Lucinda Williams is tremendous. She has done duets with everyone from Costello to Croz to Cockburn [with stops along the way with heroic Brits Graham Parker and Ray Davies], but last night at the Belly Up was the first time I saw her live. Wow!
It is a perfect venue for her, as she can connect with the audience. As the daughter of a poet, she combined her affinity for music and words at an early age. Her Lake Charles, Louisiana upbringing informs her work, which is an appealing blend of rock, folk, country and blues that we now categorize as Americana. A series of albums met with critical acclaim but mostly marketplace indifference, until she broke through in 1998 with Car Wheels on a Gravel Road.
Fellow artists have always sung her praises, hence the somewhat endless list of her duet partners. “Passionate Kisses”, a song later recorded by Mary Chapin Carpenter, is probably Williams’ most recognizable song; it won Williams her first Grammy Award (for Best Country Song in 1994).
Anyone endeared by Bonnie Raitt or Emmylou Harris knows of Williams. Throughout the evening at the Belly Up, Williams dug deep into the world weary ache and deep blues that is the bedrock of her best songs. A sense of melancholy courses through her work, apparent in several songs from her soon to be released double album (look for it in July). Although she often takes lengthy periods of time between releases, it appears she has a recent prolific burst, as she has songs already lined up for another release after the double album.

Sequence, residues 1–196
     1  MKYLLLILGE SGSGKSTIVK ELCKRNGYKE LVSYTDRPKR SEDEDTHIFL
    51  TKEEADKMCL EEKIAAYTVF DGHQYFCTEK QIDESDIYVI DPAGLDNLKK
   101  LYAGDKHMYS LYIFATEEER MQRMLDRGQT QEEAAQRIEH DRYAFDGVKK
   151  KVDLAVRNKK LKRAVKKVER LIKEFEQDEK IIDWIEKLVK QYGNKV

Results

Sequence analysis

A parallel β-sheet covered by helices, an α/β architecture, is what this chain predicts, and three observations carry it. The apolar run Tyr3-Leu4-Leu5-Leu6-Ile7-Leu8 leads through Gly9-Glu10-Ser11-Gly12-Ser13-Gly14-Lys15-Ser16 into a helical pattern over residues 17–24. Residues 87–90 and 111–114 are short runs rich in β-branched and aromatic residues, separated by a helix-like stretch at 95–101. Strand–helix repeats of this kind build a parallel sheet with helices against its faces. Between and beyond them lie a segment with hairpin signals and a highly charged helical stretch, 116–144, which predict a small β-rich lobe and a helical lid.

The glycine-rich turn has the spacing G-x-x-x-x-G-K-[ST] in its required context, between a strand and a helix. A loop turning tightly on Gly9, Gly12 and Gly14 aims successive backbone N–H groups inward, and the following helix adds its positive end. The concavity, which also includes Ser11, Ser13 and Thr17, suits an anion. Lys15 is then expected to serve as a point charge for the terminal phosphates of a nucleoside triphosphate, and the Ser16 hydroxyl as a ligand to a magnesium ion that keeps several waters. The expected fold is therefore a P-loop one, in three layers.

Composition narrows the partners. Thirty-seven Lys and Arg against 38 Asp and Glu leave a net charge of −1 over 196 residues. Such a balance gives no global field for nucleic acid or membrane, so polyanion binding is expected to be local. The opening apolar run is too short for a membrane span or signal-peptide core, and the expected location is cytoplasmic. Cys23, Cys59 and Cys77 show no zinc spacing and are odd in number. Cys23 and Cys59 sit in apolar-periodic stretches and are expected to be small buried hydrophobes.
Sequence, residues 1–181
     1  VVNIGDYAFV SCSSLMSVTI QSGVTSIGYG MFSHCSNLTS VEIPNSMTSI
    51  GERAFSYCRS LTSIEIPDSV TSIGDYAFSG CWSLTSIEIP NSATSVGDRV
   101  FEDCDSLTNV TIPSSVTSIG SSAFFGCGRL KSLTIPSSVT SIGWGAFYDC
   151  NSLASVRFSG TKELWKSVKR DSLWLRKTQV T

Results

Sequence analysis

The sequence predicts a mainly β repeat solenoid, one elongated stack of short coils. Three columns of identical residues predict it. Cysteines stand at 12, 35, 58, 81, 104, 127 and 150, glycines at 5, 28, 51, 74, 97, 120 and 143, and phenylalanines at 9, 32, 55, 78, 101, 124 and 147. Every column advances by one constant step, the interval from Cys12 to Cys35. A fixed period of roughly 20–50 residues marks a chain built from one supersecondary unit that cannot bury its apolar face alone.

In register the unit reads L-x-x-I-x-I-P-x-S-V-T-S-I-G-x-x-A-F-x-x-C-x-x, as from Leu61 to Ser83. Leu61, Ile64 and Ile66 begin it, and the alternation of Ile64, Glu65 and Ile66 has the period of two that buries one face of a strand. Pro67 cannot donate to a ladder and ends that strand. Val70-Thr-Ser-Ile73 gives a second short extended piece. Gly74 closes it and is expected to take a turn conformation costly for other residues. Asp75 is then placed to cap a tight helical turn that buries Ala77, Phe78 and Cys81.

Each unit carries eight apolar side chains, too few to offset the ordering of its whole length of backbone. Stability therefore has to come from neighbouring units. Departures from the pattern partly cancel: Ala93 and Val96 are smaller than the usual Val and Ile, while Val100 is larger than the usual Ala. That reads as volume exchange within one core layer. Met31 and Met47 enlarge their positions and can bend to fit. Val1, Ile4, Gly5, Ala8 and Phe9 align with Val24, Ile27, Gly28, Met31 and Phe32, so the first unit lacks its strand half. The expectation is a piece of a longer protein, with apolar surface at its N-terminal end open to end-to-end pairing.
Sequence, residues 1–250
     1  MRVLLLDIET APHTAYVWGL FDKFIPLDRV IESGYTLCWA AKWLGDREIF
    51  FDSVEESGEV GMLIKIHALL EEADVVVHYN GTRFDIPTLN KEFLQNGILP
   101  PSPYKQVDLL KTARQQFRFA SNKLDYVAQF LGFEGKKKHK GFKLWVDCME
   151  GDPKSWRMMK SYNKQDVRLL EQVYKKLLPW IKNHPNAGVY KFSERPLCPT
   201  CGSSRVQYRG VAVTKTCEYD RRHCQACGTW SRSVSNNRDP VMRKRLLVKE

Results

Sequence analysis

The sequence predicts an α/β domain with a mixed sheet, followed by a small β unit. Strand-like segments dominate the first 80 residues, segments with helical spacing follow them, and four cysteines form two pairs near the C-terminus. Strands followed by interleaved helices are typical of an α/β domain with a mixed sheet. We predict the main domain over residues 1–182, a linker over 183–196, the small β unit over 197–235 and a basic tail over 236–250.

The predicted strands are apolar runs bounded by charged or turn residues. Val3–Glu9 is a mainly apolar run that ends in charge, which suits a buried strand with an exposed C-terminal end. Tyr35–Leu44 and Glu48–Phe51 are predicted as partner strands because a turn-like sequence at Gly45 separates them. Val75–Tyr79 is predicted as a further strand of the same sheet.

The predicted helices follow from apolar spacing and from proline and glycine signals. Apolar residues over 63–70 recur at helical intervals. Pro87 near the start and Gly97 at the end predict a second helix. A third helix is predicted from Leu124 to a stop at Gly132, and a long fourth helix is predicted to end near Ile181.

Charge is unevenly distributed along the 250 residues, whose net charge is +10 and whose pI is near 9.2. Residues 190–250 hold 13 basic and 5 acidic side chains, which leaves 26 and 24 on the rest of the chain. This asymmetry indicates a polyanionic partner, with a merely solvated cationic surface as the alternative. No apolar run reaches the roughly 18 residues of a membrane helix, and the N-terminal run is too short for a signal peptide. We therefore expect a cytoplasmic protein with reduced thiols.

She introduced one of several news songs as “West Memphis, ” which tells the sad, true tale of three teens falsely accused and incarcerated for years.
Her crack three piece back up band featured Butch Norton on drums, David Sutton on bass and Stuart Mathis on guitar. Mathis is on loan from the Wallflowers, and he provided most of the evening’s melodic fascination. He repeatedly honored the spirit of Williams’ songs and she in turn gave him all sorts of space to stretch.
Toward the end of the evening, just when I wondered if Mathis missed sparring with another guitarist, Williams invited special guest Marc Ford to the stage. The former Black Crowes lead guitarist strapped on one of Mathis’ several guitars, Mathis sported Williams’ silver flecked guitar and we were off to the races. Having never seen any of the pyrotechnics when Clapton and Allman traded guitar licks on stage, I was certain I had a taste at the Belly Up.